Our revels now are ended. These our actors,
As I foretold you, were all spirits, and
Are melted into air, into thin air;
And, like the baseless fabric of this vision,
The cloud-capp’d towers, the gorgeous palaces,
The solemn temples, the great globe itself,
Yea, all which it inherit, shall dissolve,
And, like this insubstantial pageant faded,
Leave not a rack behind. We are such stuff
As dreams are made on; and our little life
Is rounded with a sleep.
Another type of Internal Sound in a poem is Alliteration. Whereas Assonance is a gentle echoing of like vowel sounds, Alliteration is a powerful pounding of consonants. It is the repetition of complimentary consonant sounds to create a pattern.
The following are powerful combinations of patterning that can be used in conjunction with each other to great effect:
Plosives – P / B
Dentals – T / D / TH
Sibilants – S / SH / Z
Nasals – M / N / NG
Fricatives – F / V
Gutturals – G / K
Others – J / CH Or H / WH / W
If you repeat each of the above consonants aloud you will feel within your mouth and throat their similarities to each other and why they complement each other. As different sounds elicit different emotions, you can use Alliteration to, not only create music in your reader’s mouth and mind, but to also help encourage the mood you are weaving. Harsher sounds are going to create discord, whereas soothing, soft sounds will create a sense of calm and well-being. So, weave your words and playfully mold the music to fit.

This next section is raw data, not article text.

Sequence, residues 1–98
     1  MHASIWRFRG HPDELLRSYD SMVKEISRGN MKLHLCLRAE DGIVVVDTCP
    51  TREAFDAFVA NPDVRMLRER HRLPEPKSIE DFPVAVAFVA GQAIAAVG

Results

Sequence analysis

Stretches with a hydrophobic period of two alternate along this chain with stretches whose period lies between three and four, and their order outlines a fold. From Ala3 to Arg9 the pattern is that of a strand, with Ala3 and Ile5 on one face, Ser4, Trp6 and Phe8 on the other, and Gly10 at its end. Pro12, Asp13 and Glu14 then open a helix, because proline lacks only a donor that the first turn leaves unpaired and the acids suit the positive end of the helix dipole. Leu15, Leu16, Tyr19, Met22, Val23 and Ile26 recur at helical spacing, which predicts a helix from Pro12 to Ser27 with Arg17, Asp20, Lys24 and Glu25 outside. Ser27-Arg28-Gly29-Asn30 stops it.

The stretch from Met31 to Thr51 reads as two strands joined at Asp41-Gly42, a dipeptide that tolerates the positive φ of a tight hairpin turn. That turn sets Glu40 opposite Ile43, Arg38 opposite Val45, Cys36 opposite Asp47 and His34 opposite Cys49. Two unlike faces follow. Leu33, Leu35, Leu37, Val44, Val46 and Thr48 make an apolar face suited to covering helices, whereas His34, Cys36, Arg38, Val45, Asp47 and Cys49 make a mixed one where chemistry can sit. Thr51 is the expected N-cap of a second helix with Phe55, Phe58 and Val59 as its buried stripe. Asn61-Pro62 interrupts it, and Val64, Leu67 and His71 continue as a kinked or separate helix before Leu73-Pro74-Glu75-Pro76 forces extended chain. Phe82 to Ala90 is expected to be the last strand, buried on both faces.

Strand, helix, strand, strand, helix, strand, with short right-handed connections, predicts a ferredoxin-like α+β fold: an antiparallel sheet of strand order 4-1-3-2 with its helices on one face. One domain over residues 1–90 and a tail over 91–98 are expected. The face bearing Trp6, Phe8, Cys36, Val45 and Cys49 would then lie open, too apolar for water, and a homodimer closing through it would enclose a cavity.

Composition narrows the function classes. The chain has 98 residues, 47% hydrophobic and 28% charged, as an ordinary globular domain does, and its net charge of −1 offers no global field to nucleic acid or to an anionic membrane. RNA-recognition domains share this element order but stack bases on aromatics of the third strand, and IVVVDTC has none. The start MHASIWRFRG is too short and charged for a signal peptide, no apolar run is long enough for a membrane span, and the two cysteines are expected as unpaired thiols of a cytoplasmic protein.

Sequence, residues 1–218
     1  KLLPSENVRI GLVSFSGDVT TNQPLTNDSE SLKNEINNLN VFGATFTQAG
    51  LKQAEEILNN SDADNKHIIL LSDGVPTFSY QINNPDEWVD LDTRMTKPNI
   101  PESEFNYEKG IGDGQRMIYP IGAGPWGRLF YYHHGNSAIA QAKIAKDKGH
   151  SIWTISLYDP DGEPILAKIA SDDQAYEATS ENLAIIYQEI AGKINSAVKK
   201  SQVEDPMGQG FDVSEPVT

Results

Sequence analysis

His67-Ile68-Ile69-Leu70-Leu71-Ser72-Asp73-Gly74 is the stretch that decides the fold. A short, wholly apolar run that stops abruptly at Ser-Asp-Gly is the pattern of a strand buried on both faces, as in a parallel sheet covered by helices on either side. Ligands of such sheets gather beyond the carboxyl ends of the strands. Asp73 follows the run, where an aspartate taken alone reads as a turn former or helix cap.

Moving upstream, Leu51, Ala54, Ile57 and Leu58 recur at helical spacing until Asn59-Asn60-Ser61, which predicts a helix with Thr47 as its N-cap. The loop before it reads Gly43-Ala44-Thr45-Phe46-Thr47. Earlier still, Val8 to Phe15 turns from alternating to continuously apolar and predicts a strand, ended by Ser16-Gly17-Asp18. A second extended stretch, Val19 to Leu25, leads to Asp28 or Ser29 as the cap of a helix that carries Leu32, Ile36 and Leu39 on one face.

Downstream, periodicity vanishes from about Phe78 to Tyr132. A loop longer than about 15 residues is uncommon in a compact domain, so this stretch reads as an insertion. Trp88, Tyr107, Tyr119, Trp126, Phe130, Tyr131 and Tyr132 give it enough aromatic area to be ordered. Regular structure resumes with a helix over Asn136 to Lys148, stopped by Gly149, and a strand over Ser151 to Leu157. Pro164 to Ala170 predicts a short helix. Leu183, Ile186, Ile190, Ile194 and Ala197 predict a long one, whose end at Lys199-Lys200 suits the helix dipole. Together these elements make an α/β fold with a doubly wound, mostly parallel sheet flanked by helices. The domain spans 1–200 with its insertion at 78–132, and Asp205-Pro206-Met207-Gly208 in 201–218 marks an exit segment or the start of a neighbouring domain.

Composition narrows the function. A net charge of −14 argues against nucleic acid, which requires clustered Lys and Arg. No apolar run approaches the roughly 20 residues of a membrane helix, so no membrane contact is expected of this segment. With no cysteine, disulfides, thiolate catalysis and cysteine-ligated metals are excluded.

Let’s attempt some alliteration, shall we?
Write down the Consonant Combinations above on separate tiny pieces of paper. Fold the pieces of paper and put them all in a bowl. Now choose one from the bowl and write 4 lines of poetry using it as well as its partnered sounds (use the chart above) as much as possible. If you can, see if you can include some examples of Assonance as well.
(If you are very ambitious, keep choosing different pieces of paper and repeating the process until you have an entire piece of poetry.)
In Section “B” of POETRY we will discuss Sound and Sight Devices.